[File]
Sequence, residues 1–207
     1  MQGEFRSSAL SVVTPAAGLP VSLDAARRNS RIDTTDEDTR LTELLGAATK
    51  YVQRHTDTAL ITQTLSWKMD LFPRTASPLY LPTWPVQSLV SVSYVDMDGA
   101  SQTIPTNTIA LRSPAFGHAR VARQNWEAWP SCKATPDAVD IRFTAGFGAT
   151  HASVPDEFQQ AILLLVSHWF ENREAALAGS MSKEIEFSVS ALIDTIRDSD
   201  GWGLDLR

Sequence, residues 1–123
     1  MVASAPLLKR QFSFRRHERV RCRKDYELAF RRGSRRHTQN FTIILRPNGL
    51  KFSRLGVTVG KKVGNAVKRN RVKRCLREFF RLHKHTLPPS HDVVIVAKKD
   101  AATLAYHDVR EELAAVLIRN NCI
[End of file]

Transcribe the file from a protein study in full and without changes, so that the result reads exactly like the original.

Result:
Sequence, residues 1–207
     1  MQGEFRSSAL SVVTPAAGLP VSLDAARRNS RIDTTDEDTR LTELLGAATK
    51  YVQRHTDTAL ITQTLSWKMD LFPRTASPLY LPTWPVQSLV SVSYVDMDGA
   101  SQTIPTNTIA LRSPAFGHAR VARQNWEAWP SCKATPDAVD IRFTAGFGAT
   151  HASVPDEFQQ AILLLVSHWF ENREAALAGS MSKEIEFSVS ALIDTIRDSD
   201  GWGLDLR

Sequence, residues 1–123
     1  MVASAPLLKR QFSFRRHERV RCRKDYELAF RRGSRRHTQN FTIILRPNGL
    51  KFSRLGVTVG KKVGNAVKRN RVKRCLREFF RLHKHTLPPS HDVVIVAKKD
   101  AATLAYHDVR EELAAVLIRN NCI